Good article by brother Nu'man here. I don't quite agree with the terminology of 'Islamist extremism', as I don't think these death squads have anything to do with or have any right to use and abuse Islam. At the same time, while it is right to problematise this language, one must also put more blame on the very death squad types and their supporters who are allowing this use and abuse to take place.  - Sukant Chandan, Sons of Malcom

Does Great Britain Really Oppose Islamist Extremism?

By Nu'man Abd Al Wahid

Much fanfare has been made out of the life-saving treatment Nobel Peace Prize nominee, Malala Yousafzai received at a Birmingham hospital after she was shot by the Taliban — and rightly so. Birmingham is England’s second city and last year it ceremonially opened a new public state-of-the- art library with a lecture from Yousafzai.

But as the Library of Birmingham recently celebrated its first anniversary by hosting another talk by Yousafzai, it must be asked does Great Britain really oppose Islamist extremism and other assorted jihadis?

The ostentatious good will shown by the British government towards Yousafzai should not deter us from asking salient and important questions about the actual nature of Great Britain’s indirect and direct relationship with extreme Islamism and/or jihadism. For example, it is a historical fact that during the Cold War the ‘West’ and Islamic extremists were on the same side in their opposition to the Russian led Soviet Union.

Indeed, former Prime Minister Margaret Thatcher was a leading advocate in using Islamists and jihadis against the Soviet Union’s intervention in Afghanistan in the 1980’s. For Thatcher, the Afghan jihadis (i.e. mujahideen as they were lovingly referred to back then) were engaged in “one of the most heroic struggles known in history” as they blew up schools, hospitals and medical centers.

In this video, Thatcher while on the Afghan-Pakistani border, proudly informs the mujahideen the “hearts of the free world are with you” to appreciative chants of “Allah-o-Akbar” (God is Great) or as the commentator interprets the chants, “ringing shouts of support.”

Historically, Britain has been one of the main supporters and purveyors of fanatical Islamism. The theology of Salafism and/or Wahabism which is the wellspring of Jihadism and violent Islamist extremism, has been vigorously promoted by the Saudi royal family for the last 40 years. But in 1902, the Saudi-Wahhabi clan was exiled and forlorn. It was British imperialism, for its own reasons, that enabled the clan to recapture their ancestral home in the central east of the Arabian peninsula.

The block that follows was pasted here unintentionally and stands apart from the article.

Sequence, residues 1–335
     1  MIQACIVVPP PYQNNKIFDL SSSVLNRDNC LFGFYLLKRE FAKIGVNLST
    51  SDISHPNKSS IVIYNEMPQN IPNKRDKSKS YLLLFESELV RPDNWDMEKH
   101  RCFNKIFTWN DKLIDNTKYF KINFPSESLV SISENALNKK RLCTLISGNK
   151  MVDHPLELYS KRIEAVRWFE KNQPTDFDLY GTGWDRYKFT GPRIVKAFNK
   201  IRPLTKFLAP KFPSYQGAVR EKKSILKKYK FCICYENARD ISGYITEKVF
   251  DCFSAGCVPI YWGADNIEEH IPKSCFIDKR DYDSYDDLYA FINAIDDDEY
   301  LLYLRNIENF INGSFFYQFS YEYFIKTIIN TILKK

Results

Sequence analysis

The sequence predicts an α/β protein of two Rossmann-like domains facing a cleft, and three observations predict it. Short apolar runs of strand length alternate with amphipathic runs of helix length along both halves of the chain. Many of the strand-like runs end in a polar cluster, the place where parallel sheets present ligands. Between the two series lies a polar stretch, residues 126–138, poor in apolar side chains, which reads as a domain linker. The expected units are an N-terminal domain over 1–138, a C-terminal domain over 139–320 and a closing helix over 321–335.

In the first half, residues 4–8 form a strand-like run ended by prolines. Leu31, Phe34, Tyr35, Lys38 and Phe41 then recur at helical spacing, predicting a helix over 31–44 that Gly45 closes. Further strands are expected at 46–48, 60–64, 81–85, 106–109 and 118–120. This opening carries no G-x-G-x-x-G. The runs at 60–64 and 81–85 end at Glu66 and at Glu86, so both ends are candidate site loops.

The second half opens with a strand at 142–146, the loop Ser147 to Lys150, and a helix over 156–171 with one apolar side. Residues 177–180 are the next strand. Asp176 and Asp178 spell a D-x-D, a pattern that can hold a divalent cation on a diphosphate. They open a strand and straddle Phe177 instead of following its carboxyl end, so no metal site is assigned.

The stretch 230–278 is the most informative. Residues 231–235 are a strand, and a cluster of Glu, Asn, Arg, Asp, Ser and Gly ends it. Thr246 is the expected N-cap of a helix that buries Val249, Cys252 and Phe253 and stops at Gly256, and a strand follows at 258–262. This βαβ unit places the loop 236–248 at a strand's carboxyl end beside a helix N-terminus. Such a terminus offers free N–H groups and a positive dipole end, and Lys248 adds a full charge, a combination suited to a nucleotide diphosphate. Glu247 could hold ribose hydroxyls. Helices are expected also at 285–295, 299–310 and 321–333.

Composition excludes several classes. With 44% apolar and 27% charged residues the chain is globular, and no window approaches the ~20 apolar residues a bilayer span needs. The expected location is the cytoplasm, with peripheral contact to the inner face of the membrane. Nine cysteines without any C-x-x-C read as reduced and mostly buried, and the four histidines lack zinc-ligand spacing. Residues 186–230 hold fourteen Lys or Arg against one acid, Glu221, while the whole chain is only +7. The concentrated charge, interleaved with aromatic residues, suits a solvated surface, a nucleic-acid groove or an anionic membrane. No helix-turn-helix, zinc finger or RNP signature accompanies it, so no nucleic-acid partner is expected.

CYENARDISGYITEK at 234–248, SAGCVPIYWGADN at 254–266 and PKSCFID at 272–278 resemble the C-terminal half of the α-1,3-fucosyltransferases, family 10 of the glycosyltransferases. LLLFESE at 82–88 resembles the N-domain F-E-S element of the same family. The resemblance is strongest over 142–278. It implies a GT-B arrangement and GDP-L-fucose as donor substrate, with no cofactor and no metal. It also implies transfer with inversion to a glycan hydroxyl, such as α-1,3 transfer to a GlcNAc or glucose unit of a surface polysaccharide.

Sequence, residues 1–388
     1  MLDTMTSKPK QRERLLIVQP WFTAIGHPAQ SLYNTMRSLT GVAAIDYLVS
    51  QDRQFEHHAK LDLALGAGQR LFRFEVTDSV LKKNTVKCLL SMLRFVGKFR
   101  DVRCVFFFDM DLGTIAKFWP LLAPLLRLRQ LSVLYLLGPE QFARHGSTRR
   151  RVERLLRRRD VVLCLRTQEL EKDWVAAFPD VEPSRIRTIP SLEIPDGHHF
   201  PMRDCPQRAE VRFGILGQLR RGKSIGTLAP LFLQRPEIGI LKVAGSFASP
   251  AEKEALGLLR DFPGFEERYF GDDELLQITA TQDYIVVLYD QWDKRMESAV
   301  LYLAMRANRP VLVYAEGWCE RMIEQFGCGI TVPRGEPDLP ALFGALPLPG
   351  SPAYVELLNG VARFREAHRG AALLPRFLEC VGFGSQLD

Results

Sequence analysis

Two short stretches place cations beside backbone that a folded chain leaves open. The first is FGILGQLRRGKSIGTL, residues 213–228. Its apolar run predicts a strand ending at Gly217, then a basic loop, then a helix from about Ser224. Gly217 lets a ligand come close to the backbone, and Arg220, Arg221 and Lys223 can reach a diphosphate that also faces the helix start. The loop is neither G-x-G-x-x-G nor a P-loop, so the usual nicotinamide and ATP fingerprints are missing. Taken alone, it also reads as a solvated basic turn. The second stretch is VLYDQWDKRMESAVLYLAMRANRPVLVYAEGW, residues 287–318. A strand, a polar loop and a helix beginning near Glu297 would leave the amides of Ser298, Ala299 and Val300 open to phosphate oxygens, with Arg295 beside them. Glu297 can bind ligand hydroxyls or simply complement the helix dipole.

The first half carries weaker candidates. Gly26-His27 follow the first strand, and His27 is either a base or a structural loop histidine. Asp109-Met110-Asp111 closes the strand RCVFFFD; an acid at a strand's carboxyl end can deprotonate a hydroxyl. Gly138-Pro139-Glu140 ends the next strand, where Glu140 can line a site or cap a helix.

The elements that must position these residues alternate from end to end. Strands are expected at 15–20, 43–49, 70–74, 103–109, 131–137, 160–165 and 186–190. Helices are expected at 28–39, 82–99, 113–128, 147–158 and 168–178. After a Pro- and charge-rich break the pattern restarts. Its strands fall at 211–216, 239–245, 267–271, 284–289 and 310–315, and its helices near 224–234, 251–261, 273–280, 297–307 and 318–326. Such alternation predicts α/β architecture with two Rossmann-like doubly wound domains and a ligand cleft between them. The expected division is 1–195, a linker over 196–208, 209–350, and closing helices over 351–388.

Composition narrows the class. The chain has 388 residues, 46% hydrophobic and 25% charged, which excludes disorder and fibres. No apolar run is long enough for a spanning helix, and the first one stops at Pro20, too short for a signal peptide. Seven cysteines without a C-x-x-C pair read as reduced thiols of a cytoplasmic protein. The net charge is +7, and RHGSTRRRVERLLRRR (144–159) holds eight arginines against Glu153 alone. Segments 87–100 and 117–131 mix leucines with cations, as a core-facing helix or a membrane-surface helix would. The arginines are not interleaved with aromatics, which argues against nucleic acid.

Then in 1924-25, British imperialism gave the Saudi clan the green light to further expand into the Hijaz, the western part of the peninsula where Mecca and Madina are, because the then ruler (Sharif Hussein bin Ali) of that area refused to accept Great Britain’s Zionist project in Palestine, that is to populate Palestine with European Zionist settlers over the heads of the indigenous Arab population.

Recently, in 2011, Great Britain led a NATO campaign and joined up with desperate groups of armed militias and many assorted jihadis in Libya to overthrow the government of Colonel Ghadhaffi. This was not the first time that the British state colluded with Islamists in Libya.

According to the whistle blowers and former MI5 agents David Shayler and Annie Machon the British state used the Libyan Islamic Fighting Group (LIFG) in an assassination attempt on Colonel Ghadhaffi in 1996. The individual MI5/6 approach to coordinate the deed was Abu Abdullah Sadiq (real name Abdel Hakim Belhadj). The latter now serves in the Libyan government or whatever is left of Libya and its supposed government. Actually, the Libyan government is currently moored on a ship in a Libyan harbour after the jihadis overran the capital.

This support for the Islamists comes on top of the clandestine associations that elements within the domestic intelligence community had developed with British based Islamist fanatics.

The pantomimic character that is Abu Hamza (aka ‘The Hook’) actually confessed during his American trial that he had contacts with MI5 in order to keep the “streets of London safe.” In a book published by two London Times journalists (O’Neill and McGrory) he is said to have been given the alias ‘damson berry’ in their correspondence with him. Another former London based comical jihadi, Omar Bakri Muhammad admitted to Pulitzer Prize winning author, Ron Suskind, he had back channels to his intelligence handlers with a view to “control the Muslim youth.” Khalid al-Fawwaz, another ex-London based Islamists, who the Americans have put on trial for his alleged role in the 1998 African embassy bombings, wants his MI5 handler to testify on his behalf.

It is quite easy to conclude, regardless of the goodwill shown to Yousafzai, that the actual relationship between Great Britain and extreme Islamist/jihadis is that the former wants them on tap. Great Britain utilises jihadis when it is compatible with its interests (Afghanistan in the 1980’s, Saudi Arabia and Libya) and then wants to switch off the tap when it isn’t. The problem is some of these liver eating, head chopping jihadis don’t read this script and have shown quite conclusively they have a macabre mind of their own.